define industrial revolution Europe's shift from being an agricultural community to industrial.
What happened as a result of the industrial revolution Many poor farmers went to the big cities to work in the factories but had no job skills. The local government turned to Parliament for help
What is the able bodied poor Those who could work but didn't. They were seen as lazy and were often sent to work houses, were factory servants or slave laborers in order to be made an example of.
What law attempted to establish a national policy about how to deal with the poor in England? The Elizabethan Poor law
U.S. social policy gets its roots from where? The Elizabethan poor law
Value base of social work does NOT include ________ Moral direction in time of crisis
What were paupers and how were they treated? The very poor. They were cast out from society
What is indoor relief? The poor were placed in the homes of others or in Alms-houses where they were given jobs to pay for their keep. The poor were punished for being poor
What is outdoor relief? Provided cash assistance for those in need and allowed them to stay in their own homes
What was the guiding philosophy in England until1834 and in the U.S. until 1934? The Elizabethan Poor Law
What was the most effective relief for the poor in the 1800's? The Charity Organization Society (C.O.S.)
Who was responsible for fostering awareness for people with mental health problems? Dorathea Dix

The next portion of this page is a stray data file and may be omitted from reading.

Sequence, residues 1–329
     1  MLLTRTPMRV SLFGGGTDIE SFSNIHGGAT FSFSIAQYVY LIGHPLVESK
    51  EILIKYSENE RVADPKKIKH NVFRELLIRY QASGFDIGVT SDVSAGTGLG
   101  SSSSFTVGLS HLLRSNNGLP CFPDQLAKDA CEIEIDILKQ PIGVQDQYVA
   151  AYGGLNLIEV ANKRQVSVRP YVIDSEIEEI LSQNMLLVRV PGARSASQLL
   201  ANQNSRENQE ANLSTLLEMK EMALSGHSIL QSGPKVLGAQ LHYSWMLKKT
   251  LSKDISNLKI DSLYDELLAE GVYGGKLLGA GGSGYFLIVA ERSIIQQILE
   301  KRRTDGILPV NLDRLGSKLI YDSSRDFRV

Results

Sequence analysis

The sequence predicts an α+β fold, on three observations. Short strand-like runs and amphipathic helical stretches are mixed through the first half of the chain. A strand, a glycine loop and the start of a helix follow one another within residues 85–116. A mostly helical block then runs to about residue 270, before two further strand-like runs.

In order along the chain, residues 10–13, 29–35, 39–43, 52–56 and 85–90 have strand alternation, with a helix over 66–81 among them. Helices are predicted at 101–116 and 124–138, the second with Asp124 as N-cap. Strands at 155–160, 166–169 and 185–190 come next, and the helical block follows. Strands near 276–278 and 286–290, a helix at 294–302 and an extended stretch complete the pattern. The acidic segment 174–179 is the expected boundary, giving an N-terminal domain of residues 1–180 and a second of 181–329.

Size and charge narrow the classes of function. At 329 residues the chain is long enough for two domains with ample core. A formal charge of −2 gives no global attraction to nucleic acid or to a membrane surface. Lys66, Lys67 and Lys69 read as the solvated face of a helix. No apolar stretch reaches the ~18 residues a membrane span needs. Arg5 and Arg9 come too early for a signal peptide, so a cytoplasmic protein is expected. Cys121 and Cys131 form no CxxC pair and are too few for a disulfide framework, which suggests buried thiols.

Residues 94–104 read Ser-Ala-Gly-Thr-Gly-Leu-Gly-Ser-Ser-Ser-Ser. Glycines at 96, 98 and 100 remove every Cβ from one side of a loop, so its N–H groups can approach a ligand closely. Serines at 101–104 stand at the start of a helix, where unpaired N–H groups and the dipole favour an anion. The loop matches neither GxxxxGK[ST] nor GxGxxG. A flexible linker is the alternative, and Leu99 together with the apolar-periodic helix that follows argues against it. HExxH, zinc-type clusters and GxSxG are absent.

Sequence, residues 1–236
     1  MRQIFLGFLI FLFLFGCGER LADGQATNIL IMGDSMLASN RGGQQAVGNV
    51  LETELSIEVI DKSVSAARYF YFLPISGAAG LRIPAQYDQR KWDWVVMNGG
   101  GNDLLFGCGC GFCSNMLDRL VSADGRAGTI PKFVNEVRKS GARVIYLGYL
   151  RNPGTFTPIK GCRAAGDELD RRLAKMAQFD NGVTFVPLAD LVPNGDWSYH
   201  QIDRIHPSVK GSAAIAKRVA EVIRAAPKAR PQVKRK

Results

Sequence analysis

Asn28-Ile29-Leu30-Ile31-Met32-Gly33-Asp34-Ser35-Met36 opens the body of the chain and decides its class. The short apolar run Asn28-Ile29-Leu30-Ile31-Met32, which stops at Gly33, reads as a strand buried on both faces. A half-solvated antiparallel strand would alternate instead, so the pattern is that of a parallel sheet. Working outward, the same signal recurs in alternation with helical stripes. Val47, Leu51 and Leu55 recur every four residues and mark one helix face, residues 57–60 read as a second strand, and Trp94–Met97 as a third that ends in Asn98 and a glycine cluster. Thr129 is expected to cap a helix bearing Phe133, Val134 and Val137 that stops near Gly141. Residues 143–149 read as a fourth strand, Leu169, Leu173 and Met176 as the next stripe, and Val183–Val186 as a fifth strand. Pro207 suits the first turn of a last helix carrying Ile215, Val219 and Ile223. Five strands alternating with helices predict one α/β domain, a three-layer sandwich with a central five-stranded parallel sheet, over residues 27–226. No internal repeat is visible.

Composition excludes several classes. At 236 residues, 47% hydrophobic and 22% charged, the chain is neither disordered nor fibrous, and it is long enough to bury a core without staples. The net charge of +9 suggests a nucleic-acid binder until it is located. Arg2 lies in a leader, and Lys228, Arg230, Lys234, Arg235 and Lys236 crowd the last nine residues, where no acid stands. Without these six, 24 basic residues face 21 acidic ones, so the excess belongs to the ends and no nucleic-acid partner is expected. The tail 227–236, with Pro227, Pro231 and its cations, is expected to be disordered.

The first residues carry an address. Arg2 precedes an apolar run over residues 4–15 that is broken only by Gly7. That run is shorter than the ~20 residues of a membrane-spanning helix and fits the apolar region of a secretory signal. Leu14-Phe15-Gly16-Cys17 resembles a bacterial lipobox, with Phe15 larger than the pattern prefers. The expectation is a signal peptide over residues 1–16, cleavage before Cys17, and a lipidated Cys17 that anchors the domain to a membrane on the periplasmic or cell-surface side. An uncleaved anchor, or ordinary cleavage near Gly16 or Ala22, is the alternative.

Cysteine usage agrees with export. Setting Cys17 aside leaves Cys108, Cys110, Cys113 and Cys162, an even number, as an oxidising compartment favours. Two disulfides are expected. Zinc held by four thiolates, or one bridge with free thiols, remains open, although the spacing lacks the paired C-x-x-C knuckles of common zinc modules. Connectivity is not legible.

Who created the settlement house movement? Jane Adams
What was the COS attitude towards the poor? Urban poverty was a moral and character deficiency and could be abolished by helping people recognize and correct their flawed character. Little sympathy for chronic beggars
what was the mission of the settlement houses? Social reform
What year did the great depression start? 1929
What was the significance of the New Deal? It was the first time the federal government became directly involved in providing relief
What prompted the New Deal? The Great Depression
Works Progress Administration provided what for whom? 8 million public service jobs to those in need of work
What was the most significant piece of social legislation ever enacted in the U.S.? The Social Security act of 1935
What were the 3 major categories of the social security act? Social Insurance, public assistance, health and welfare services
The Great Society programs were from when to when? 1963-1968
What was the goal of the Great Society Provide maximum opportunities for those in need
Economic opportunity act of 1964 was also known as what? The war on poverty
What programs did the WOP start? Head Start, Youth Job Corps and small business loans
The Reagan-Bush attitude toward social programs and welfare Efforts to reduce and eliminate social entitlement programs
What is an enabler? Provides encouragement, offers hope that enables the client to make choices that improve the situation
What is a person who identifies specific client systems the reaches out? Outreach worker
Planned Change An orderly approach to addressing a client's needs
Ethics A product of values and defines what should be done in specific situations
Who can prescribe meds? Psychiatrist
What are the education levels for social workers BSW- bachelor's degree, entry level MSW- Master's degree, higher level of work DSW or PHD- docotrate, administrators
Why do people have problems? Genetics and heredity, socialization, cultural differences, environmental
Created by: 1198605156